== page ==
Document Type


Publication Title

Journal of Spine Surgery


Background: Brachioradial pruritus (BRP) is a rare, chronic condition that typically presents in middle-aged light-skinned females as itching of the dorsolateral upper extremities in the C5-C6 dermatome distribution. Cervical nerve compression and ultraviolet (UV) radiation are largely considered to be causative factors. There have been very few case reports where surgical decompression was used to treat BRP. This case report is unique because our patient had a brief period of symptom recurrence 2 months post-operation as supported by displacement of the cage on imaging. The patient then underwent implant removal and revision with the use of an anterior plate leading to complete symptom resolution.

Case description: A 72-year-old female presenting with a 2-year history of severe, persistent pruritus and mild pain of bilateral arms and forearms. The patient was being followed by her dermatologic providers for 10+ years for other unrelated diagnoses. She was referred to our office after having trialed multiple topical medications, oral medications, and injections without lasting definitive success. Cervical spine radiographs demonstrated severe degenerative disc disease with osteophyte formation at C5-C6. Cervical magnetic resonance imaging (MRI) revealed disc herniation at C5-C6 causing mild cord compression with bilateral foraminal stenosis. Patient proceeded with anterior cervical discectomy and fusion at C5-C6, which provided immediate symptom relief. Two months post-operation, her symptoms recurred and repeat cervical spine radiographs revealed cage migration. The patient underwent a revision of fusion by removal of the cage and placement of an anterior plate. At her most recent 2-year follow-up visit, she has been doing well post-operatively without any pain or pruritus.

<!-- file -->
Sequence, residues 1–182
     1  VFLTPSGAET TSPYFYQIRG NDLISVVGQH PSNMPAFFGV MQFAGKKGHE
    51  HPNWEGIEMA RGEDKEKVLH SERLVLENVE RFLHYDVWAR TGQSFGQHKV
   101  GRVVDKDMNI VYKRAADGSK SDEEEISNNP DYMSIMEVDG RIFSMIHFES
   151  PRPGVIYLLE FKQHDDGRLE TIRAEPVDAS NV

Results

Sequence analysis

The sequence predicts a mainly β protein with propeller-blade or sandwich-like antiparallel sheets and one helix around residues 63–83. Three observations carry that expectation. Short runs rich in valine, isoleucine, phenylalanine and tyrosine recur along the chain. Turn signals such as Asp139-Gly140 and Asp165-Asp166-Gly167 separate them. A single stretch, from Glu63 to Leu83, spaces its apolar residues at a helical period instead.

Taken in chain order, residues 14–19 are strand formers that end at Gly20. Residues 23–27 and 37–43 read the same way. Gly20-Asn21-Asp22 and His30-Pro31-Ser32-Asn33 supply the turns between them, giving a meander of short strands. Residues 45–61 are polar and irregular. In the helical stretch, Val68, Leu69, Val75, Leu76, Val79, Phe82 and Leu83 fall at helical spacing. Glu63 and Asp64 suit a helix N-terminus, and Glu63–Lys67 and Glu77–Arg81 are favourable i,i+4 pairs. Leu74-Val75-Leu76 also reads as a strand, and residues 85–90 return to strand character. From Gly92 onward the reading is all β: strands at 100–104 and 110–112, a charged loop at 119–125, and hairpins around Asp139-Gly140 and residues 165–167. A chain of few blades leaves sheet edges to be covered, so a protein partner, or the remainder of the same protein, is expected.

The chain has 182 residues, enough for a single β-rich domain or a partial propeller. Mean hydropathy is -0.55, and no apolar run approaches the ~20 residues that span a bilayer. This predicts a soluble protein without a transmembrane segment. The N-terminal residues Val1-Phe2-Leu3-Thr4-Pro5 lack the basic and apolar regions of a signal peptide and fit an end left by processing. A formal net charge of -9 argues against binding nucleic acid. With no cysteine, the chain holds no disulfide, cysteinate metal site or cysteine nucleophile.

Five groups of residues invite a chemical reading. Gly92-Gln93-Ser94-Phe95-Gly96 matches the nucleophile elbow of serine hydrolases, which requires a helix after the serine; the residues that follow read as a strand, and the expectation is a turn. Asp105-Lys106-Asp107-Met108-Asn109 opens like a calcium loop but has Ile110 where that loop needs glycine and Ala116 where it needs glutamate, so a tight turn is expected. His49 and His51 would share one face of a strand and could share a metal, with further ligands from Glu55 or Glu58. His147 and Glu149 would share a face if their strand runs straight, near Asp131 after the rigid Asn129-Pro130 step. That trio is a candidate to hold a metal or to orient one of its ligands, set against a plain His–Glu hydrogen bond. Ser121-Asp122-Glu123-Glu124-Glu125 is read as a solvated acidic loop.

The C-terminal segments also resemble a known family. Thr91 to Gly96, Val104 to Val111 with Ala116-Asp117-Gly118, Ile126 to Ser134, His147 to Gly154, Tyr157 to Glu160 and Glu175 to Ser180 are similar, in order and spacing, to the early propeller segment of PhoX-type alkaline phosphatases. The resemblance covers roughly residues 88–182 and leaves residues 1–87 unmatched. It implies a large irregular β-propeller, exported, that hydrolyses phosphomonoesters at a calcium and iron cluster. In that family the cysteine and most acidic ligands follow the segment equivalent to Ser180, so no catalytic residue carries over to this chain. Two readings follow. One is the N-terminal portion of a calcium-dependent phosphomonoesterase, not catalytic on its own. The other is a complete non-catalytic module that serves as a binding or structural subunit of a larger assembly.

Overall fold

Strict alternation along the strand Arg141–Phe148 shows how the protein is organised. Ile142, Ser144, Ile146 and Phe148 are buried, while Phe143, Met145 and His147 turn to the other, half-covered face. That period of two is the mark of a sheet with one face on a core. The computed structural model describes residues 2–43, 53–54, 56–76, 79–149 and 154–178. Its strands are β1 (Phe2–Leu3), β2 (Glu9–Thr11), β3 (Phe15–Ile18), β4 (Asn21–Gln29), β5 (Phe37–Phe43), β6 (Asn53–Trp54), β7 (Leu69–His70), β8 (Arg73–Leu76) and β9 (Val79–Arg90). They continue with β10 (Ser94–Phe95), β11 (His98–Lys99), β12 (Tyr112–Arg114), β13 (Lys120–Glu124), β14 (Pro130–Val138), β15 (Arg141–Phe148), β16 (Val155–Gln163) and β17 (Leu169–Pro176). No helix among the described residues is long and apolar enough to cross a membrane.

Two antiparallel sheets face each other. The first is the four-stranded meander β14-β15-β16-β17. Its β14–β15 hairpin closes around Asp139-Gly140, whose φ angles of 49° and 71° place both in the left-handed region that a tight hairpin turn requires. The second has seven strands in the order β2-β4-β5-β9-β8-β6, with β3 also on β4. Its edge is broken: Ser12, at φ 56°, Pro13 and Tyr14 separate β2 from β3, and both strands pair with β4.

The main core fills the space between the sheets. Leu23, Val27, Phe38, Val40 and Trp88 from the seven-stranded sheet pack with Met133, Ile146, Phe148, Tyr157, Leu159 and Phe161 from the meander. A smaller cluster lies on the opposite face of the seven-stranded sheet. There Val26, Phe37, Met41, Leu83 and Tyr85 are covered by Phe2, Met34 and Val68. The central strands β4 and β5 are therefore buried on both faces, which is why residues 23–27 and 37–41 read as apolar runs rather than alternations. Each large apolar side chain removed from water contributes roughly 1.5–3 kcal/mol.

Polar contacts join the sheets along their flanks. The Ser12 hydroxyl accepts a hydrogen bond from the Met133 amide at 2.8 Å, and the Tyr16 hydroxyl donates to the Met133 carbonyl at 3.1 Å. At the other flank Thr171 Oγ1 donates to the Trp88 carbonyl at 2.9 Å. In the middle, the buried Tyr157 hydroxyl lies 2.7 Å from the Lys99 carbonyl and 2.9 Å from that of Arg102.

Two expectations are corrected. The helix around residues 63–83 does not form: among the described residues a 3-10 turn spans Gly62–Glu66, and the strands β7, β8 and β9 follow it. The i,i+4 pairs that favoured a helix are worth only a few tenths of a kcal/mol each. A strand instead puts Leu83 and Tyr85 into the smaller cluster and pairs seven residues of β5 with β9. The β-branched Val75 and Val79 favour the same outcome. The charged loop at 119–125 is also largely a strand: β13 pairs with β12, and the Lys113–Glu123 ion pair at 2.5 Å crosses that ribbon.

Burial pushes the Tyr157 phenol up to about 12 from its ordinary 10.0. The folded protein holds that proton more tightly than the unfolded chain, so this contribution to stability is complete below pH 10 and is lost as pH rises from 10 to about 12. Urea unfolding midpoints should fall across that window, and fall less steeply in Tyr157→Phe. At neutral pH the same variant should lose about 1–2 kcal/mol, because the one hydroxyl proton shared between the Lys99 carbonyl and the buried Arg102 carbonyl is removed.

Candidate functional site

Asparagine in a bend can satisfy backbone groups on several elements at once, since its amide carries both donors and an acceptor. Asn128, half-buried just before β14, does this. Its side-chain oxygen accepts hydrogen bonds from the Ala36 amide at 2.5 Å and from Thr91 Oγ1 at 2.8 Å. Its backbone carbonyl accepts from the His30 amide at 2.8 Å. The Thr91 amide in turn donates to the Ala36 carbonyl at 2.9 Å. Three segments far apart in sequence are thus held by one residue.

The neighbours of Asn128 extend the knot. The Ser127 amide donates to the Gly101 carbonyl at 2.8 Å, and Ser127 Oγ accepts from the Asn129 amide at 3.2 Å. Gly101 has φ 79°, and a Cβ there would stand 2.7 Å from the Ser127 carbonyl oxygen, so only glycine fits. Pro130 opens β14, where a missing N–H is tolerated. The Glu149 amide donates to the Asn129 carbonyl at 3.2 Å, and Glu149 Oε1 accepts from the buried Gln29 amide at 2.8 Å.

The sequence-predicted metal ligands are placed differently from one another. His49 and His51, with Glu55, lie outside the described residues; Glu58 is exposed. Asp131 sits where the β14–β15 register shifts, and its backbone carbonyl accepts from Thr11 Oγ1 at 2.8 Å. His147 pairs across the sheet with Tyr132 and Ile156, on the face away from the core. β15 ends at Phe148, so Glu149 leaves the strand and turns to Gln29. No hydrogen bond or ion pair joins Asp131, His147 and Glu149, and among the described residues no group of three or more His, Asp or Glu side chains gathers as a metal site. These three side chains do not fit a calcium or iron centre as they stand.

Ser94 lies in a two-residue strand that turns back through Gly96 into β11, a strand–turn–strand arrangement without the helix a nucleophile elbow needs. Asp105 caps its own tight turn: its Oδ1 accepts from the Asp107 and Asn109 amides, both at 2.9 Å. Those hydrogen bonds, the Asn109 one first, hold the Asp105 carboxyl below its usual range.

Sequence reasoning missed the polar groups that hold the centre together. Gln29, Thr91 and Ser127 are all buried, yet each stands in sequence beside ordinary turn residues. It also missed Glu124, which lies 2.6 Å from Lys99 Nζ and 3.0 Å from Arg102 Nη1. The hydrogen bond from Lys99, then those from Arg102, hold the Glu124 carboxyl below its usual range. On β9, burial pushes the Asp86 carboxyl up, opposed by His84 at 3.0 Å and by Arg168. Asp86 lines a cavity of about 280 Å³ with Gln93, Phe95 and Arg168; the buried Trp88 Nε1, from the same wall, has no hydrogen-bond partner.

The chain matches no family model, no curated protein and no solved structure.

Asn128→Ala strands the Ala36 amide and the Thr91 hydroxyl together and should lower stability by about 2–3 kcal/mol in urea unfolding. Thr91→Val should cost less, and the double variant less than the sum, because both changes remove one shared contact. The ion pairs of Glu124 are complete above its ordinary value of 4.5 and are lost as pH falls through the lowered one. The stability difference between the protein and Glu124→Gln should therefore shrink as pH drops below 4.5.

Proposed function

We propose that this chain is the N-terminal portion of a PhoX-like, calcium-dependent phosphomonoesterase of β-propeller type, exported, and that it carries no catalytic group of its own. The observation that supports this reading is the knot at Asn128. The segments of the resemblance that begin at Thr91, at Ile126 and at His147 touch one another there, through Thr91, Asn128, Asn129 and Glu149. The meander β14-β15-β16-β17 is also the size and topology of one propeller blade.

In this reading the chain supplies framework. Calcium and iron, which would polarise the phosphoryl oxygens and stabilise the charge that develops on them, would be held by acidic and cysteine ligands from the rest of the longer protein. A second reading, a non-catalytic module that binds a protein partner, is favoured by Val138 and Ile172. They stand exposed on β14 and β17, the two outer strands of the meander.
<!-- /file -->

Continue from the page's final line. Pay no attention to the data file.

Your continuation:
Conclusions: This case report illustrates the use of surgical intervention as a viable treatment option for specific patients with persistent BRP that have failed all other forms of conservative management. Cervical radiculopathy should be included in the differential diagnosis until ruled out by advanced imaging, particularly in cases of BRP that are refractory to standard dermatological treatment.



Publication Date



Brachioradial pruritus (BRP), case report, cervical neuropathy, spinal fusion, ultraviolet radiation